A classic movie with a timeless topic comes to mind in celebration of Father’s Day. The 1984 film The Natural asks the question:
Can you return?
If the movie Field of Dreams was epic, then The Natural was mythic, as I’ll explain below.
The Natural: The Story
But first, how does a middle-aged baseball player named Roy Hobbs, seemingly missing for almost two decades, return to the game? He had been taught to play baseball by his father, and he had shown promise when he was a teenager, 16 years ago. He shows up in 1939 with a custom-made bat cut from a lightning-struck tree. He appears unannounced to a last-place major league baseball team, the New York Knights.
This is a movie that even non-sports fans fall in love with, an authentic slice of Americana. It is crafted so that it will choke you up and make you want to stand up and cheer at the end. The climactic pyrotechnics of the ending brings goosebumps. It’s a story about the power of faith and hope, the victory of good over evil, the consequences of right and wrong, and the reuniting of father and son.
“Based on” the novel by Bernard Malamud, though not a literal adaptation, the story is a morality play evoking the legend of Sir Percival, one of the Knights of King Arthur‘s Round table. His quest was to find the “Holy Grail.” When the story moved to later English literature, the hero was replaced by Sir Galahad.
In real-life, Eddie Waitkus was a baseball player who, in 1949, was lured to the hotel room of an obsessed female fan by a cryptic note. She then shot him, critically wounding him. That shooting was the jumping-off point for Malamud’s 1952 novel, The Natural.
Robert Redford plays the mid-thirties Roy Hobbs — the same age as farmer Ray Kinsella in Field of Dreams — though Redford was 47 at the time. Redford is a natural in the role; he played baseball on scholarship at the University of Colorado, Boulder, in his youth.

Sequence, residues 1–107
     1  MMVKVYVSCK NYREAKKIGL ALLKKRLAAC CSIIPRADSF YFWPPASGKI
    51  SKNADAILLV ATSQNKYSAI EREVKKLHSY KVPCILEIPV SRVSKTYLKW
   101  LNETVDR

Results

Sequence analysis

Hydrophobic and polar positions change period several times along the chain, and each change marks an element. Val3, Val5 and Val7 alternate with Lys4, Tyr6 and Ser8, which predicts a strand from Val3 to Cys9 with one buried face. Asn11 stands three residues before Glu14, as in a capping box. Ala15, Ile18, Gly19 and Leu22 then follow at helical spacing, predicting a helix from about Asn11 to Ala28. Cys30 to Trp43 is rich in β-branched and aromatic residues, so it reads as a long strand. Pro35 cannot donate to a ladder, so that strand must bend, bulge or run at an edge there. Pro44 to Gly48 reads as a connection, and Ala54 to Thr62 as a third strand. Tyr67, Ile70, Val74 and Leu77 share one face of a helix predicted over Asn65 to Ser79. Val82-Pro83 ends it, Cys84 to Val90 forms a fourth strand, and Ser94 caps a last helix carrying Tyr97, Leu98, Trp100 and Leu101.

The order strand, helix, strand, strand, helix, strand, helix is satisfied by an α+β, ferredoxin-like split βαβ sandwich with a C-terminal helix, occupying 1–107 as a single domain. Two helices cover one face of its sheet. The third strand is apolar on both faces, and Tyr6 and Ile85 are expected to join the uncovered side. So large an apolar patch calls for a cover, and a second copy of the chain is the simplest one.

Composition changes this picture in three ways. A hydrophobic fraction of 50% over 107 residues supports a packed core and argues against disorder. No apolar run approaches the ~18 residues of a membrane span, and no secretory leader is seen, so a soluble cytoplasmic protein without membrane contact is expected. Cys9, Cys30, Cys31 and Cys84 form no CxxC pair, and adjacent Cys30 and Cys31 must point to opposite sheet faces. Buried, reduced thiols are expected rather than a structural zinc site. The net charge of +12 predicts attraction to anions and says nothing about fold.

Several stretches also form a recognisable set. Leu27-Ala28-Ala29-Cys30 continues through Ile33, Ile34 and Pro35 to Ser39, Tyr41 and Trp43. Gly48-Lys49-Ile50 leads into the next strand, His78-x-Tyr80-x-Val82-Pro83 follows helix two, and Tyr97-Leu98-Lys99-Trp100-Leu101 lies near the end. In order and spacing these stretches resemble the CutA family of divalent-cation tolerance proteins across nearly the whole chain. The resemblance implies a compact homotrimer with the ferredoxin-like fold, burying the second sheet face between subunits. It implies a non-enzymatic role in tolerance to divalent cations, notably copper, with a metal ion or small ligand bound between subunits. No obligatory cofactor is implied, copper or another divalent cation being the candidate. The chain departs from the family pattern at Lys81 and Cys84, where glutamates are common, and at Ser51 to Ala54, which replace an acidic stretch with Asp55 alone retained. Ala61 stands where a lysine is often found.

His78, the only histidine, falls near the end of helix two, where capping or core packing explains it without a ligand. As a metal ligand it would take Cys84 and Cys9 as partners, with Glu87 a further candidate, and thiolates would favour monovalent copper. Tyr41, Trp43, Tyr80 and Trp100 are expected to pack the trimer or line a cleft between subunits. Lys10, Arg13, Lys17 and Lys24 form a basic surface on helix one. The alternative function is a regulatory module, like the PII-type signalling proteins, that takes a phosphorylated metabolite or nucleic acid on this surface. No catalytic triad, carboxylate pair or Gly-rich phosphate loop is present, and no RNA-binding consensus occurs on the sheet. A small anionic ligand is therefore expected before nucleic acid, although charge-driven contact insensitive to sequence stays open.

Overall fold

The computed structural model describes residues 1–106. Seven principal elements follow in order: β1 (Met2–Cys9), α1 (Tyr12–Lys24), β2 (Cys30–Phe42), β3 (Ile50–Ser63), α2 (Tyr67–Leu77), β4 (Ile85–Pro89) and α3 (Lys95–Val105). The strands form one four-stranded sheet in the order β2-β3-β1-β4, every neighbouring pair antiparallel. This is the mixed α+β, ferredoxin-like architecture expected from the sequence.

The Natural: Cast
The supporting cast is universally excellent.
- Joe Don Baker as The Whammer is more Babe Ruth than Babe Ruth.
- Robert Duvall as sports writer Max Mercy is ingratiating and diabolical.
- Glenn Close as the ever-faithful Iris Gaines, is strong, beautiful, and angelic.
- Kim Basinger as Memo Paris is alluring and tempting.
- Wilford Brimley as Pop Fisher, the reluctant manager of the Knights, is crusty and wise.
- Richard Farnsworth as Coach Red Blow is always a delight to see.
- Robert Prosky as The Judge is reptilian and scary.
- Darren McGavin as an unbilled Gus Sands, a big-time bookie and gangster.
- Barbara Hershey as Harriet Bird is vampy and gives you the willies.
The Natural: the Myth
The movie goes in a different direction than the novel regarding characters and ending. And it builds on the Arthurian legend with a much more ancient myth: Odysseus from Homer‘s The Odyssey. One tipoff is the character of Gus Sands, who curiously has an oversized eye… like Cyclops.
Like Joseph Campbell‘s hero in The Hero With a Thousand Faces, Roy Hobbs
“must cross the threshold between the world he is familiar with and that which he is not… “
before he can rise to fulfill his destiny.
Like Odysseus, our hero leaves on a quest (to return home to his wife and son from the Trojan War), only to be derailed, mainly through bad choices – it takes two decades for him to recover and achieve his goal. Despite various temptations, the woman he truly loves (Iris) is still there for him, providing crucial help and strength at the most perilous moments.
With a Christ-like wound in his side, there is a guardian angel appearing with a halo (Iris) and temptations (from Memo) which he ultimately resists.
Here are some parallels from Homer’s The Odyssey (with a bit of Arthurian legend):